(c) a comparator, controllably coupled to the accumulator, for determining identity of each of a plurality of respective bit pairs symmetrically disposed about the midpoint, wherein for each bit pair of the plurality the comparator determines an addition to the stored constant if and only if the bits of the pair are equal and positive and determines a subtraction of the stored constant from the output data if and only if the bits of the pair are equal and negative, the stored constant corresponding to twice a desired coefficient for the respective bit pair.
35. A method of tuning a desired signal, the method comprising:
setting a local oscillator signal to a frequency selected from a given plurality of local oscillator frequencies,
mixing the desired signal with a local oscillator signal to translate a lower high frequency spectrum of interest and an upper high frequency spectrum of interest to within a passband, the passband being sized and positioned and the local oscillator frequencies of the plurality of local oscillator frequencies being spaced sufficiently far apart such that there is substantially no redundant spectral coverage between:
(1) an upper and a lower high frequency spectrum of interest translated to the passband with a local oscillator signal having any first local oscillator frequency of the plurality; and
(2) an upper and a lower high frequency spectrum of interest translated to the passband with a local oscillator signal having any local oscillator frequency of the plurality other than the first local oscillator frequency of the plurality.
36. The method of
37. The method of
38. The method of
39. The method of
40. The method of
41. The method of
filtering and decimating the non-rejected translated spectrum of interest using a variable bandpass decimating filter to select a desired portion of said spectrum of interest; and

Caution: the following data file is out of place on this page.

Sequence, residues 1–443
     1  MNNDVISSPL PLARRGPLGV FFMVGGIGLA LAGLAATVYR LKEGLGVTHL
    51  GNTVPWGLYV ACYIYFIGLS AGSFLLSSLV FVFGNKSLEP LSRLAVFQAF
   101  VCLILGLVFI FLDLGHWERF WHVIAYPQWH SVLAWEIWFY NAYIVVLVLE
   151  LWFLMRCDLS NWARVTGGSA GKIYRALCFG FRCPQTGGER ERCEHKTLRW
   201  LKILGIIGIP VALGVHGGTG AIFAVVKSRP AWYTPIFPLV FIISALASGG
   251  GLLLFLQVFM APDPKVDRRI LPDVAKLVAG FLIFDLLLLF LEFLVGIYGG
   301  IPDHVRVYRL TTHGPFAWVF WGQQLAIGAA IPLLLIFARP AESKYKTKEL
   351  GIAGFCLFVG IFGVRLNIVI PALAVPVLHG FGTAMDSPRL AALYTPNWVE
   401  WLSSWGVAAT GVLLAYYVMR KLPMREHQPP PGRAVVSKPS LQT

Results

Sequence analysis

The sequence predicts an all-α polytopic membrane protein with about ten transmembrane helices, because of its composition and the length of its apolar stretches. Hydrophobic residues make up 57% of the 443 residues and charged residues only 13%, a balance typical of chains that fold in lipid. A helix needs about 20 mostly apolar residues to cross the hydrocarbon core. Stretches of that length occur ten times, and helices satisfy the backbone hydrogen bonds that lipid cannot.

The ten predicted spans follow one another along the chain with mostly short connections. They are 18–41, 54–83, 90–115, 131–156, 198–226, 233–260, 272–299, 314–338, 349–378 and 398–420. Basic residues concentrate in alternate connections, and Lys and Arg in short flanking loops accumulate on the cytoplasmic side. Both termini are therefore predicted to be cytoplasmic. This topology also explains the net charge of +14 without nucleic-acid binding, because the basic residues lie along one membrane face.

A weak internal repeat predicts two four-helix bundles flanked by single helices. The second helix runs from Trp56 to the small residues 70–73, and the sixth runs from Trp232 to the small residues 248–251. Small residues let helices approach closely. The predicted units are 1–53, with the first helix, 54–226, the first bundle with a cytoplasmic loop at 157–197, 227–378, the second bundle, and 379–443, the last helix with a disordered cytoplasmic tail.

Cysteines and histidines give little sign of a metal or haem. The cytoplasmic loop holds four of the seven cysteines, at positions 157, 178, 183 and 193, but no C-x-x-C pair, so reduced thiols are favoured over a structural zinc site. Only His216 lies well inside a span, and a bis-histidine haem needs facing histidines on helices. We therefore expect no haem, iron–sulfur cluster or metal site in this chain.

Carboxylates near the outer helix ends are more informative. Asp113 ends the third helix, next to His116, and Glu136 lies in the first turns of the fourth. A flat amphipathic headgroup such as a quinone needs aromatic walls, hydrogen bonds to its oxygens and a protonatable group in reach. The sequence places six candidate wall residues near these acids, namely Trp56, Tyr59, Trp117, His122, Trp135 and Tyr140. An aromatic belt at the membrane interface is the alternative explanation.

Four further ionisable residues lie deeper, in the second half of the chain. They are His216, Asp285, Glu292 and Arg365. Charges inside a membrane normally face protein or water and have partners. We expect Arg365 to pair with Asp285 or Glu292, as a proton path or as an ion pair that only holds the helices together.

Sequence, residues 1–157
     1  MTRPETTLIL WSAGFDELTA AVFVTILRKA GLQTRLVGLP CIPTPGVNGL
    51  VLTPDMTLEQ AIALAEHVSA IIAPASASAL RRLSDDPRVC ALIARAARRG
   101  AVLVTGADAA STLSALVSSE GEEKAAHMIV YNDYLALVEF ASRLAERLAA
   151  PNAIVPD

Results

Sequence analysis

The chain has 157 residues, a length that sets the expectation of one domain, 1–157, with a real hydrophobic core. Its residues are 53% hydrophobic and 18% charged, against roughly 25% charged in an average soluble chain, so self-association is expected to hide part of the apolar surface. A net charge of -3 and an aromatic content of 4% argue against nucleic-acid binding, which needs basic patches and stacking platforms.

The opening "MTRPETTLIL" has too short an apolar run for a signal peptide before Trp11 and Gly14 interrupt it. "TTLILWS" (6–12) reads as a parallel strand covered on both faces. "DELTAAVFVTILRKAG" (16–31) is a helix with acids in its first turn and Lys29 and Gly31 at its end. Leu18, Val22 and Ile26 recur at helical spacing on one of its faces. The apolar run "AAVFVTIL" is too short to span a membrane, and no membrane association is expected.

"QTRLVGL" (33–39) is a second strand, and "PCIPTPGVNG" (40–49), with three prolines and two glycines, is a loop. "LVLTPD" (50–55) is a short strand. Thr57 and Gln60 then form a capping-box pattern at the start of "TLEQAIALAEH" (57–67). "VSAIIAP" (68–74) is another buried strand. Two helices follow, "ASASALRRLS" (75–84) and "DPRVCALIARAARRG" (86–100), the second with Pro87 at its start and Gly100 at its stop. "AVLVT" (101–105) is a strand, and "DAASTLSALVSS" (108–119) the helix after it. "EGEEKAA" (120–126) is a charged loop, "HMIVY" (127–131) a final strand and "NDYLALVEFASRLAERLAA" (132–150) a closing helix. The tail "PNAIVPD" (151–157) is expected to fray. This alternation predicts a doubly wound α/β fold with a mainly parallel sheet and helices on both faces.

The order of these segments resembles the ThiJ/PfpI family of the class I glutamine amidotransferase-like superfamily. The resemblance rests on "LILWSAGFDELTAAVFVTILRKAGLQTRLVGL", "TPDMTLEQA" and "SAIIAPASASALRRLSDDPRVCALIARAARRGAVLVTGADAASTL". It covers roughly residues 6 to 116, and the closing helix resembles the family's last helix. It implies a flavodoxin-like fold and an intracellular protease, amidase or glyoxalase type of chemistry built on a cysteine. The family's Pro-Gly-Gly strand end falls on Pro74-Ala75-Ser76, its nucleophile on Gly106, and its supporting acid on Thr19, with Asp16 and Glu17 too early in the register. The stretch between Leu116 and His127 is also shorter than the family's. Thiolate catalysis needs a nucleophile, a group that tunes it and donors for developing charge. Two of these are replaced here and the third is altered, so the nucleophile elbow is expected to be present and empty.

translating the desired portion to within R
_{D }of baseband, where R_{D }is an output sampling rate of said variable bandpass decimating filter. 42. A device for tuning RF signals, the device comprising:
(a) a tuner operative at each of a plurality of local oscillator frequencies,
(b) for each local oscillator frequency FLO of the plurality, the tuner having spectrum coverage within a range of frequencies offset from that FLO by a range of frequencies from about F
1 to about F2, (c) wherein (1) F
1=k(F2−F1); and (2) k is an integer greater than zero, and (d) wherein each of the plurality of local oscillator frequencies is an integer multiple of 2(F
2=F1). 43. The tuner of
44. The tuner of
45. The tuner of
46. The tuner of
47. The tuner of
48. The tuner of
_{2}−F_{1}=C·N and N is the number of channels that fit simultaneously within a passband extending from F_{1}−F_{A }to F_{2}+F_{A}, wherein F_{1 }and F_{2 }are first and second frequencies and F_{A }is a given frequency adjustment, whereby every channel of the channelized signal spectrum is translatable to the passband by a unique local oscillator frequency.49. The tuner of
_{A}=(½)(W−C+W_{ft}), where W is the bandwidth of the channels to be received, and W_{ft }is the width of any fine-tuning provided in the digital portion of the tuner.50. The tuner of
_{2}−F_{1}=C(N−1) and N is the number of channels that fit simultaneously within a passband extending from F_{1}−F_{A }to F_{2}+F_{A }where F1 and F2 are first and second frequencies and F_{A }is a given frequency adjustment, whereby every channel of the channelized signal spectrum is translatable to the passband by a local oscillator frequency.51. The tuner of